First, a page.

It's quite a lot of reading so to sum up; Whitehall Park is a Free School, established on land requisitioned without compensation from Islington Council, causing a loss to the education budget in Islington, and put under the control of Bellevue Ltd a profit making company. (The control is exercised through an Educational Trust, Bellevue Place, set up by Bellevue Ltd for this purpose, which now runs seven Free Schools and which buys support services for these schools from Bellevue Ltd, thereby, quite legally, enhancing the profits of Bellevue Ltd.)

The school was set up in an area with, at that time a surplus of primary places and where if extra primary capacity were needed in the future it could have been provided at low cost by expanding existing local schools, and where ALL the local schools were OfSted "Good" except those which were "Outstanding". The area, despite an increase in demand is still, today, shown as having a surplus of school places.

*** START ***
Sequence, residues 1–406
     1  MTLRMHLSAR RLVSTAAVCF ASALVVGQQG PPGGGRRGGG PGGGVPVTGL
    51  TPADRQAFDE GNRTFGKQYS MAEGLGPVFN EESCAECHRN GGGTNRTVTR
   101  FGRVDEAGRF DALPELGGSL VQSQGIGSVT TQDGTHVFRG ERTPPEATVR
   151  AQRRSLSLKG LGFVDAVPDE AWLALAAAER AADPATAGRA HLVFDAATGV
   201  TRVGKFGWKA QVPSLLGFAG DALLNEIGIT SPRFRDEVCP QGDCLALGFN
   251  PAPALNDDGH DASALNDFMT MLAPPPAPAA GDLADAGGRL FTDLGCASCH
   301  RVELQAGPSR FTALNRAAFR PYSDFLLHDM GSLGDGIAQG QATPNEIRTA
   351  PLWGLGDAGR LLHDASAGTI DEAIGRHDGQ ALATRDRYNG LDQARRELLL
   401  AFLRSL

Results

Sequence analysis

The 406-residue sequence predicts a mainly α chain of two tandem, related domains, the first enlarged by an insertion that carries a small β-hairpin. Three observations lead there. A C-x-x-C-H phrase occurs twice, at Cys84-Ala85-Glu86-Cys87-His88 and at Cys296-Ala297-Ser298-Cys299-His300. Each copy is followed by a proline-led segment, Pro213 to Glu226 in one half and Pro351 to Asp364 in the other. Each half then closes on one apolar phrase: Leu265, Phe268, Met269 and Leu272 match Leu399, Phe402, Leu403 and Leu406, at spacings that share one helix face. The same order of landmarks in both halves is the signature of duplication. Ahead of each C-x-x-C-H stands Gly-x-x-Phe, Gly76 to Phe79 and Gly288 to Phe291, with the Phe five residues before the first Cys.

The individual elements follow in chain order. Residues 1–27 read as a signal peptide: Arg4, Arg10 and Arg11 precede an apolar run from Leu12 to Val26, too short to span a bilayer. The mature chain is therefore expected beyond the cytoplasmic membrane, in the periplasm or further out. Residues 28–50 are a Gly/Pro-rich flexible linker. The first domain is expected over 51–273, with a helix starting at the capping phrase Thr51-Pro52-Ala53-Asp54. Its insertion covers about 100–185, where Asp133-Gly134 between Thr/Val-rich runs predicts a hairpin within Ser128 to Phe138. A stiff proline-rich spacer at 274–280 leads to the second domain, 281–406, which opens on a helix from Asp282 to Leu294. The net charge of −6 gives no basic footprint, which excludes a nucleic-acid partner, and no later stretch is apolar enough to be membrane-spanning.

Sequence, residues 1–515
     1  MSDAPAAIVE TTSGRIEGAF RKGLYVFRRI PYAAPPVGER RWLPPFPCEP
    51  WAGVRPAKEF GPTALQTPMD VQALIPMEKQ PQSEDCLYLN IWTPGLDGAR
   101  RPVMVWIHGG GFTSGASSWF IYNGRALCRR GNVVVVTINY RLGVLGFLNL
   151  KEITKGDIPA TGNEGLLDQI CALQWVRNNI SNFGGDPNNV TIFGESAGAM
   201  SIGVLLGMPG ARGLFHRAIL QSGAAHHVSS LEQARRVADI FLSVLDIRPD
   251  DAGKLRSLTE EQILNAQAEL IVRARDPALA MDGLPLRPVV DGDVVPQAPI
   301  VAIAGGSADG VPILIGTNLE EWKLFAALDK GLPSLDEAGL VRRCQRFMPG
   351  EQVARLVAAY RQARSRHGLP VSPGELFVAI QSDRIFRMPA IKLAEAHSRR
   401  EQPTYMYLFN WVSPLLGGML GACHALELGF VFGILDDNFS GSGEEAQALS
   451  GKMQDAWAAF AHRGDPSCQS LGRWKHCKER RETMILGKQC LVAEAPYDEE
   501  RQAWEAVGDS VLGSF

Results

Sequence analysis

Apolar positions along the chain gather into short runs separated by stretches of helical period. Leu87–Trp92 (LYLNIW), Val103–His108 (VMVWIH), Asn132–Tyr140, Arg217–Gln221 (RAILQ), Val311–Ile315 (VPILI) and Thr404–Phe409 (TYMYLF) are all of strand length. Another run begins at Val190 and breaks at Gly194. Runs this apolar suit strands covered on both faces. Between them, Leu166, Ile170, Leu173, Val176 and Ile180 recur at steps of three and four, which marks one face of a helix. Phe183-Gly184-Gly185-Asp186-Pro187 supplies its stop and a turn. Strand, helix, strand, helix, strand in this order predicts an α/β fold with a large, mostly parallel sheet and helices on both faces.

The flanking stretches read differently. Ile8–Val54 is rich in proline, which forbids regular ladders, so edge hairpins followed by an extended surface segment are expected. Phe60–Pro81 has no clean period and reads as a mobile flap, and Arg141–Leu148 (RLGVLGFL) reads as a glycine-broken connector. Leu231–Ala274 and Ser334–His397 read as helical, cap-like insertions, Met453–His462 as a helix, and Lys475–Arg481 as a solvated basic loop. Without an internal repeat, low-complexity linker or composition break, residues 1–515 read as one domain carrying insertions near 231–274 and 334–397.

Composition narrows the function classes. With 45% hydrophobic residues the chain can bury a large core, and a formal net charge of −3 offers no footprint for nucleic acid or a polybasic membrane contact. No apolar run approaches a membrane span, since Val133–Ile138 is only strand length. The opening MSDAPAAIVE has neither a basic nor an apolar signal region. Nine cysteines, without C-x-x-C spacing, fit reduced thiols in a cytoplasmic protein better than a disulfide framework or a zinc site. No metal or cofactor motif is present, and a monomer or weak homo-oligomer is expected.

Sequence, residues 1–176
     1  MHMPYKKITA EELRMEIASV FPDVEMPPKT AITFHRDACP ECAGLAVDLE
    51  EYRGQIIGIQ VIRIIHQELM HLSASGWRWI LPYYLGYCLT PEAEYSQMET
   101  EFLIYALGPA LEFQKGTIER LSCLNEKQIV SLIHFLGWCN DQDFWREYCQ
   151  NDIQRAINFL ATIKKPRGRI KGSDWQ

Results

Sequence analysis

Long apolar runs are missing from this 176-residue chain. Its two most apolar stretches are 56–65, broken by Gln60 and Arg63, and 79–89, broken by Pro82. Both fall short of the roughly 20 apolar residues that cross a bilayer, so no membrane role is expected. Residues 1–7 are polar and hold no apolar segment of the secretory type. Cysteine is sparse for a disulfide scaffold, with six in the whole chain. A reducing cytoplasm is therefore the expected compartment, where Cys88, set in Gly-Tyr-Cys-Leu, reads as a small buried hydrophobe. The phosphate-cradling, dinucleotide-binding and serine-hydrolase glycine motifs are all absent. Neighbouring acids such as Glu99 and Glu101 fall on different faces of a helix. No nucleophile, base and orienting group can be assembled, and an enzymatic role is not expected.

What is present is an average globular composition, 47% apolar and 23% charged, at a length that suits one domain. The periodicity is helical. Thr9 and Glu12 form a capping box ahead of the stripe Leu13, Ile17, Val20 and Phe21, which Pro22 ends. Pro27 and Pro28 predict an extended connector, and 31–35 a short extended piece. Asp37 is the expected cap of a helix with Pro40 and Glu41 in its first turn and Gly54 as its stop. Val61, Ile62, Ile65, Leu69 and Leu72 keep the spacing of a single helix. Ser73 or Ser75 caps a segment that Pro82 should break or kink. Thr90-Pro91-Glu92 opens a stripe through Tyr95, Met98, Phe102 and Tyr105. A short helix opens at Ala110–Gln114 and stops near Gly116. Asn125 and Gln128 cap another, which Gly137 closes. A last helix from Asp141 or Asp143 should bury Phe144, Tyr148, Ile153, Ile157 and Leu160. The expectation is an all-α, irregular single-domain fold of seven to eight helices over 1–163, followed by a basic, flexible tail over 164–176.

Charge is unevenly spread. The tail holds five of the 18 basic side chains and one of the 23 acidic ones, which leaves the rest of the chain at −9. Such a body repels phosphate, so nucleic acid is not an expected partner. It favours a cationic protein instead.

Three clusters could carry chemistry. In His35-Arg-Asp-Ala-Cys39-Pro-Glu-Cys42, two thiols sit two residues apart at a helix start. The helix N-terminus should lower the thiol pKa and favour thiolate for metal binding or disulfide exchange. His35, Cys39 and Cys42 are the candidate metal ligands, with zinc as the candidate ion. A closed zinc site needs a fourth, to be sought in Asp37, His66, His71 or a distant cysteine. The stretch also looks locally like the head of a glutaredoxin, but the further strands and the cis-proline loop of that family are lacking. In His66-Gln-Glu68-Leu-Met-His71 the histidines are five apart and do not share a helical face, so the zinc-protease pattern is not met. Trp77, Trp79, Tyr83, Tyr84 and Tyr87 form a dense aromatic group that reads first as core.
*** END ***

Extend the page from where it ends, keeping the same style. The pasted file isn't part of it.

(In the latest official return to the Islington Schools Forum the School declares that it has a capacity for 120 places, but that it actually has 74 children. Postings on social media by persons claiming to be parents at the school, and to be active in the PTA say there is a rather larger number of children than that, but concede that there are still vacant places. Press releases from the Educational Trust continue to describe the school as "oversubscribed.")

The school children are being accommodated in portocabins pending the demolition of the old Ashmount School building which is beside the portocabins and the building of a new building at an announced cost of some millions.... (Promises regarding the new build, and the date of its delivery, have been regularly made, only to be broken. At time of writing this the demolition promised to begin early December 2015 has yet to start.)